“As we all know, the surfeit of distractions available on a personal computer these days can make it exceedingly easy to get nothing done.
There’s the constant haranguing of emails, the intrusions of instant messaging, and the endless nagging of countless other attention-hungry applications and utilities.
In looking for ways to defuse this, I noticed a few years ago that some serious writers, at least in the early drafting stages of their work, were turning to manual typewriters as a method of sidestepping all of those distractions.
It’s a great solution: what better way to thwart a computer than to step away from it completely?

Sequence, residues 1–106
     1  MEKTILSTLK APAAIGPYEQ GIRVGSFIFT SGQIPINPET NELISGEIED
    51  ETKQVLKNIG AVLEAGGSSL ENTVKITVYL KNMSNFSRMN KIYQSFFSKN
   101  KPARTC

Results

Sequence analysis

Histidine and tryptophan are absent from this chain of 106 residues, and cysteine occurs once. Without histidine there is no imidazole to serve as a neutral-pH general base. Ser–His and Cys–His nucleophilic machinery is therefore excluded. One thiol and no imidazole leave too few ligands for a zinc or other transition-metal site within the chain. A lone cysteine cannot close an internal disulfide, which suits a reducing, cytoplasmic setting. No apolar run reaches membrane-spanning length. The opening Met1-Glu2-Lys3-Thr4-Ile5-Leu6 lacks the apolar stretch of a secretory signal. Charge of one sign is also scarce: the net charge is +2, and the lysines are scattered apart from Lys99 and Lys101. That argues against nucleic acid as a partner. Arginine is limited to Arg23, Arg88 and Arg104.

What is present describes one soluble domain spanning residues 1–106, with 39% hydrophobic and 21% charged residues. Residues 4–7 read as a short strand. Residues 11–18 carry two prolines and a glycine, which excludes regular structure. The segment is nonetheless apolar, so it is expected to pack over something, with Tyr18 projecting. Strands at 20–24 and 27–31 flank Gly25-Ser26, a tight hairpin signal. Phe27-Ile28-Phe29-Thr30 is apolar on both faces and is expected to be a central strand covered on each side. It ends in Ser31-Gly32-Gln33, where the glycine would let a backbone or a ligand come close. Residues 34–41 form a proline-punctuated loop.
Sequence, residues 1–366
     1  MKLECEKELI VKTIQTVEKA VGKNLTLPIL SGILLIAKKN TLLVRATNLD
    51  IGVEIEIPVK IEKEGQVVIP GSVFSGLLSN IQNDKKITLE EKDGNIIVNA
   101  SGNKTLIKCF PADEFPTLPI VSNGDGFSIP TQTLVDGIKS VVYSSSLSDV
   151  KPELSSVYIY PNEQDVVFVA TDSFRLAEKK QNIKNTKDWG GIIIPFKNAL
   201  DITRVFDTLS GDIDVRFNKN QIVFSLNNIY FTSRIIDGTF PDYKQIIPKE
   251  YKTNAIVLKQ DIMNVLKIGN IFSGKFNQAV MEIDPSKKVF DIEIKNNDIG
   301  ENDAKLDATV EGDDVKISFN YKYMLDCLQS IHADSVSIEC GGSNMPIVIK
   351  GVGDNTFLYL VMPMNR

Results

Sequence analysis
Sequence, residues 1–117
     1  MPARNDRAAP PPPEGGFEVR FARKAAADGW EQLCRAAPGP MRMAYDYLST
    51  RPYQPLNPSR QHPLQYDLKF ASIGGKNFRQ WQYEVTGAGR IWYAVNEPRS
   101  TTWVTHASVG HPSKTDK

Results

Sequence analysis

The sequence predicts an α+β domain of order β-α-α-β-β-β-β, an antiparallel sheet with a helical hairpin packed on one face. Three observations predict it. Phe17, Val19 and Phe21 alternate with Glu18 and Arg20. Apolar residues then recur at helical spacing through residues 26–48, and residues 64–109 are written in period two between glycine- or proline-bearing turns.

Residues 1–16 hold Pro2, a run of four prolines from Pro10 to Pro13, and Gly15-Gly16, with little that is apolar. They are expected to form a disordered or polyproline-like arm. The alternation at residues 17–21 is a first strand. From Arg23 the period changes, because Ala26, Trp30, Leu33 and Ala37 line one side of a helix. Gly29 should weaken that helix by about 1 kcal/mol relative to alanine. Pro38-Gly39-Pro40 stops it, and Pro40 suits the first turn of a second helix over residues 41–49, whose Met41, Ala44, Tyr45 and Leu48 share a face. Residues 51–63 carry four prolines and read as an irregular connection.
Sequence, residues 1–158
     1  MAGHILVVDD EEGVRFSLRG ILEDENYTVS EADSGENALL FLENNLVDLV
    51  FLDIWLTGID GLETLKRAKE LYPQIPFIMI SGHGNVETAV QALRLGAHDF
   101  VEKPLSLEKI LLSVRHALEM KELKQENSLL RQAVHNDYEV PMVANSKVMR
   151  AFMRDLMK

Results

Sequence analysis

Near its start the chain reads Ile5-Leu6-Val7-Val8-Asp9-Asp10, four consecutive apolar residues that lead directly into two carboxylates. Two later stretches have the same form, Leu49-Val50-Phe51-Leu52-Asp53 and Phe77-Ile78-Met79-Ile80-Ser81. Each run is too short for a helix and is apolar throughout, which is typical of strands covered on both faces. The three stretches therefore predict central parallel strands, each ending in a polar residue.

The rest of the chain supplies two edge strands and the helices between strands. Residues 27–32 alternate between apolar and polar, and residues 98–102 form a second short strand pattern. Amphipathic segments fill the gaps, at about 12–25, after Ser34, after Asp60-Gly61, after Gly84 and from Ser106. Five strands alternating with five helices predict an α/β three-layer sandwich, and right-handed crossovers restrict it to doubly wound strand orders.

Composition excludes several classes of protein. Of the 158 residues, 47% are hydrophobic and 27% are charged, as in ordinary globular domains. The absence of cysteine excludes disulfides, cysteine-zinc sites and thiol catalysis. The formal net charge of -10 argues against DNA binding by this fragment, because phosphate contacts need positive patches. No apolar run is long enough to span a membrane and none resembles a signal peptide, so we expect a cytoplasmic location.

There’s no email to check on a typewriter, no beeps and pop-up reminders from other applications, and no access whatsoever to the Internet and its tantalizing abundance of productivity-killing diversions.
What’s more, a manual typewriter is a powerful antidote to authorial dawdling, that propensity to continually re-edit a sentence or a paragraph — thereby imparting the feeling of working without really working — instead of continuing to write new sentences or paragraphs instead.
Unlike word processors or even the simplest text editors, manual typewriters don’t allow you to easily re-edit, insert and revise a sentence once it’s been committed to paper. This makes for an entirely different writing experience: the ideas come first, and the act of finessing them, of word-smithing, comes after all the ideas have been set to paper.”
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